- 7-year warranty
- Reliable company with 90 years of history
- Can handle up to three showers
- May only handle a shower and a sink in cooler climates
- 4.63 x 16.63 x 14.5 inches
- Heats up to 140 degree
- 7-year warranty
- From reliable brand
- Only good for small homes or as point-of-use
- Can only handle one shower at a time
Similar to the Tempra 24 Plus already on this list, the Tempra 12 Plus has the Advanced Flow Control feature from Stiebel Eltron. This feature automatically keeps the water temperature consistent by slightly reducing the flow if the demand for hot water goes above the unit’s capacity.
You save space in your home with this tankless water heater, thanks to its small design. At the same time, it is eco-friendly, thanks to its auto modulation that saves energy, combined with the electronic control of water flow. For those who are switching to tankless heaters to save money on energy, the savings monitor is a great additional feature.
This system is easy to use, thanks to its digital temperature display, preset temperature buttons, and memory buttons. It operates silently for no disruption and uses an electronic switch to activate the unit.
As the Tempra 12 Plus, this unit uses 12kW and 240V. You should have an electric service that is at least 100A. Expect a temperature output between 68 and 140 degrees.
You get an even better value, thanks to the warranty on this unit. It includes seven years of protection against leaks and three years of protection for parts.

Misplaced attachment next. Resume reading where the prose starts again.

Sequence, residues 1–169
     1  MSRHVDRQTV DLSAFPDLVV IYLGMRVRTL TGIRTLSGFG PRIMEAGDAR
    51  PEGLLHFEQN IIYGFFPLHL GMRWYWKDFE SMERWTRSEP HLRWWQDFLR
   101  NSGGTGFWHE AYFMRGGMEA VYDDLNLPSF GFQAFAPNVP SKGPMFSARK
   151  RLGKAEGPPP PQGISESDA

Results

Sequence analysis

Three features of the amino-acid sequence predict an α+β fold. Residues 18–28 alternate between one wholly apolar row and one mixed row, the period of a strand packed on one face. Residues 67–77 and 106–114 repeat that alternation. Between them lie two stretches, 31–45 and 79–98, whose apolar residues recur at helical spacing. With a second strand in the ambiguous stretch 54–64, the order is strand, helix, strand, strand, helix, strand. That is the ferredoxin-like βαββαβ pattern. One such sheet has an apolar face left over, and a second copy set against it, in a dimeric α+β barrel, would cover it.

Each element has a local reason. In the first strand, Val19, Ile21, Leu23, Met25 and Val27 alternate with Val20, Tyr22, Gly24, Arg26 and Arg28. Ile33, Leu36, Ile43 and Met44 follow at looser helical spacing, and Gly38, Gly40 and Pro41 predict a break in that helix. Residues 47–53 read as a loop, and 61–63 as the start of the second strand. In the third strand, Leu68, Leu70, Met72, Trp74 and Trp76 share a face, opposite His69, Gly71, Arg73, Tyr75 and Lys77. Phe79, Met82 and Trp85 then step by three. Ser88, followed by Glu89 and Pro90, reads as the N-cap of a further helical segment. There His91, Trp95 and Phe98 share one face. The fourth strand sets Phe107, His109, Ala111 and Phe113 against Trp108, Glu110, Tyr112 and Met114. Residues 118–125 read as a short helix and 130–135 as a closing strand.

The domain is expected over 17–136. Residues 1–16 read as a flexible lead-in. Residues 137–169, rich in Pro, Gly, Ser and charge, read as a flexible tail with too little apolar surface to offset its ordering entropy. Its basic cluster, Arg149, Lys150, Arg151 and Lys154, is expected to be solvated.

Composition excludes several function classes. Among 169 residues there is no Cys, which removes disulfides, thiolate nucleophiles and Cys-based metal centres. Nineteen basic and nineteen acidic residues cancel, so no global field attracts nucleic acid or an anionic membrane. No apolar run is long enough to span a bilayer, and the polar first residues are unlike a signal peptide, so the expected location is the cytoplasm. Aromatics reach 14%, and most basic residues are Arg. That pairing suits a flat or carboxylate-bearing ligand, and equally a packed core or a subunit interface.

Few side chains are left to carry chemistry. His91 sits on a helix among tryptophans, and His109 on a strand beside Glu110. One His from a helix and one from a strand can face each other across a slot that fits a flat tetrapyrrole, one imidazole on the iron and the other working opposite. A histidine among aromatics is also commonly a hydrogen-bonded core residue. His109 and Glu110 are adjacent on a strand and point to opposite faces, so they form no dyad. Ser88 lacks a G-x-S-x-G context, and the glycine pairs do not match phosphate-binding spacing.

- 5.3 GPM
- 17 x 17 x 3.75 inches
- 5-year warranty
- Handles up to four showers
- Self-modulating technology for efficiency
- Some homes require higher GPM
This compact unit takes up minimal space in your home and delivers hot water continuously. The unit’s advanced self-modulation tech lets it adjust its energy use based on the amount of hot water you need.
The compact size means that the tankless water heater only weighs 13.75 pounds and measures 17 by 17 by 3.75 inches.
This particular tankless heater uses 27 kilowatts and 240 volts. It is designed to heat enough water for two sinks and one shower at the same time if you live in a colder area. If you live somewhere warmer, it can handle up to four sinks or showers simultaneously. Those who prefer a gas-powered heater should look at the other options on this list.
The warranty covers five years of leak protection and a year of protection on parts.
- 3.7 GPM
- 17.38 x 5.25 x 13.38 inches
- Can handle three applications simultaneously
- Advanced self-modulating system to save energy
- You control the temperature
- Less GPM than some on the list
- Not ideal for large homes in cool areas
This unit from the ThermPro series has up to a 3.7 GPM flow rate. It was designed to heat water that is just 37 degrees Fahrenheit when at 1.9 gallons per minute. The smart flow technology delivers unlimited hot water. Like many of the other units on this list, it features an advanced self-modulating system that regulates heating energy and water flow. That saves energy while reducing water consumption.
In a moderate or warm climate, you can use this ThermPro tankless water heater with as many as three applications, such as a shower, kitchen sink, and bathroom sink with a 73-degree inlet temperature, meeting your hot water needs.
You can use the convenient digital temperature control to choose a temperature between 90 and 135 degrees, with the option of one-degree intervals. Using this unit can save you as much as 50 percent on your electric bills over storage tank water heaters.
Keep in mind that this water heater requires three 30a single-phase DP breakers and three 8 AWG wires. It uses 240 volts and 0.75 amps.
To make the unit more durable, Atmor used stainless steel on the interior. In addition to improving durability, this improves corrosion resistance to maximize heat efficiency and the unit’s life expectancy.
What Is a Tankless Water Heater?